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Treadmill exercise modifies dopamine receptor expression in the prefrontal cortex of the 1-methyl-4-phenyl-1,2,3,6-tetrahydropyridine-lesioned mouse model of Parkinson’s disease

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Parkinson’s disease (PD) is the second most common neurodegenerative disorder for which there is no cure. PD is a dopamine (DA)-deficit disorder marked by progressive motor and nonmotor disturbances, including cognitive impairment. Executive function (EF) is the most common subtype of cognitive impairment in PD and consists of deficits in number of processes including behavioral flexibility. The prefrontal cortex (PFC) is an important brain region subserving EF. Furthermore, DA plays a key neuromodulatory role in the PFC and altered DA neurotransmission is believed to contribute toward EF deficits in PD. The mechanisms underlying PFC dysfunction are not fully understood and there are no effective treatments for EF deficits in PD. Exercise is a promising therapeutic strategy that may exert beneficial effects on PFC function in PD. Our previous work suggests that exercise improves motor function and restores striatal DA-D2 receptor (DA-D2R) expression after DA depletion. This study builds upon our previous work by exploring whether exercise modulates PFC function, specifically DA levels and DA receptor expression in the 1-methyl-4-phenyl-1,2,3,6-tetrahydropyridine (MPTP)-mouse model of DA depletion. We found that exercise restores PFC DA levels, reverses the MPTP-induced increase in DA-D1R and decrease in DA-D4R, and exerts differential effects on D2Rs. The modest effect of exercise in PFC function may suggest that other types of exercise, such as those that are more skill based, would be required to target these cognitive behavioral circuits.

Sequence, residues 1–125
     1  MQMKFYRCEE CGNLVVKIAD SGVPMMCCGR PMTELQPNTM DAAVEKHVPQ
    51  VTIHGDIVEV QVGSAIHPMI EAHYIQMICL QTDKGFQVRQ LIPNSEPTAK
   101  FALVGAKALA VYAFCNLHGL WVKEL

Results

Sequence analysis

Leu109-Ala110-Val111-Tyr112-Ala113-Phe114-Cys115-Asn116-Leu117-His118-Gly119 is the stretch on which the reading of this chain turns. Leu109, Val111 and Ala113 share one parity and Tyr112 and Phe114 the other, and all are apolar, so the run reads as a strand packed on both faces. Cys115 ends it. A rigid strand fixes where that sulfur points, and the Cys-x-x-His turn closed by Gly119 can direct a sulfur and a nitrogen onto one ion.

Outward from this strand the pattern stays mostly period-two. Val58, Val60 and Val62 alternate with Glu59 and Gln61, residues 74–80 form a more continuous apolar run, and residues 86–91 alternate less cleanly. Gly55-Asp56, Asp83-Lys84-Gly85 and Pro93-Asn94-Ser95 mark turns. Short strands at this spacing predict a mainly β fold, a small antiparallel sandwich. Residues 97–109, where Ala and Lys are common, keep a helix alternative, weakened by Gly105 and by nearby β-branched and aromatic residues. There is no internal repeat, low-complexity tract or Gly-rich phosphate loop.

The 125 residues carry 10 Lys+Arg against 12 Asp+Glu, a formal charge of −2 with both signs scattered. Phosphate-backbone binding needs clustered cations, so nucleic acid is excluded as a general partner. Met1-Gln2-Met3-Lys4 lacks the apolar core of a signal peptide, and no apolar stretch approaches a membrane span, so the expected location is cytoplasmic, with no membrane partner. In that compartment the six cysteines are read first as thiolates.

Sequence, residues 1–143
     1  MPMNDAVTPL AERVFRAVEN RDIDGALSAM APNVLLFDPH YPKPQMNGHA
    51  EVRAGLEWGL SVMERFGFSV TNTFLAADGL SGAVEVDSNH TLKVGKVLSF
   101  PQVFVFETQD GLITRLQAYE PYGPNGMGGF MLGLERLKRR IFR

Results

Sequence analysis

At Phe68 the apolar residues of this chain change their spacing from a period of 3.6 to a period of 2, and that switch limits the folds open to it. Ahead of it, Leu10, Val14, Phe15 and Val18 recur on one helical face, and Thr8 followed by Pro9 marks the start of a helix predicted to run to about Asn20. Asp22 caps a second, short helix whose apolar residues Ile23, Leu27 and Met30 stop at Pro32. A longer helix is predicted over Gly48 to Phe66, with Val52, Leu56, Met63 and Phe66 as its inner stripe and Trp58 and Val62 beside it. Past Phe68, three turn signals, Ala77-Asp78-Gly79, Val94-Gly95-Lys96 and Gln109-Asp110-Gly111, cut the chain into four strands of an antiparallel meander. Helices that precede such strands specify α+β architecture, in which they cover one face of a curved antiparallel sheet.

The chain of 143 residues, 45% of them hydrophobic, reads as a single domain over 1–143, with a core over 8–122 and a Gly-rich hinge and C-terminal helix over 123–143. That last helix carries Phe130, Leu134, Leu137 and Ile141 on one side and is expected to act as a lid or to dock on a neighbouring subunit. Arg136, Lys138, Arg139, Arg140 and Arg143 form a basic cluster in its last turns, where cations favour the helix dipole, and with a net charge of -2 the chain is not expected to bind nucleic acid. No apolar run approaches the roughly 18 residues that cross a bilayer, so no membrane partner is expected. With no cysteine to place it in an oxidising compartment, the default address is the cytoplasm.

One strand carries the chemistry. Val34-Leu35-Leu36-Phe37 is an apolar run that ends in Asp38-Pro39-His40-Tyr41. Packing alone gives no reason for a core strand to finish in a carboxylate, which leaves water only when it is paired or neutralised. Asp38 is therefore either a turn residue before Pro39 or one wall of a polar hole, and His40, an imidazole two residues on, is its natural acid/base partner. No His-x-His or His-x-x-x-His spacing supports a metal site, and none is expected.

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Keywords: cognition; dopamine receptors D1, D2, D4; physical activity; prefrontal cortex; tyrosine hydroxylase

Document Type: Research Article

Affiliations: 1: Departments of Neurology, The George and MaryLou Boone Center for Parkinson’s Disease Research 2: Departments of Neurology, The George and MaryLou Boone Center for Parkinson’s Disease Research, Biokinesiology and Physical Therapy, University of Southern California, Los Angeles, California, USA

Publication date: October 18, 2017

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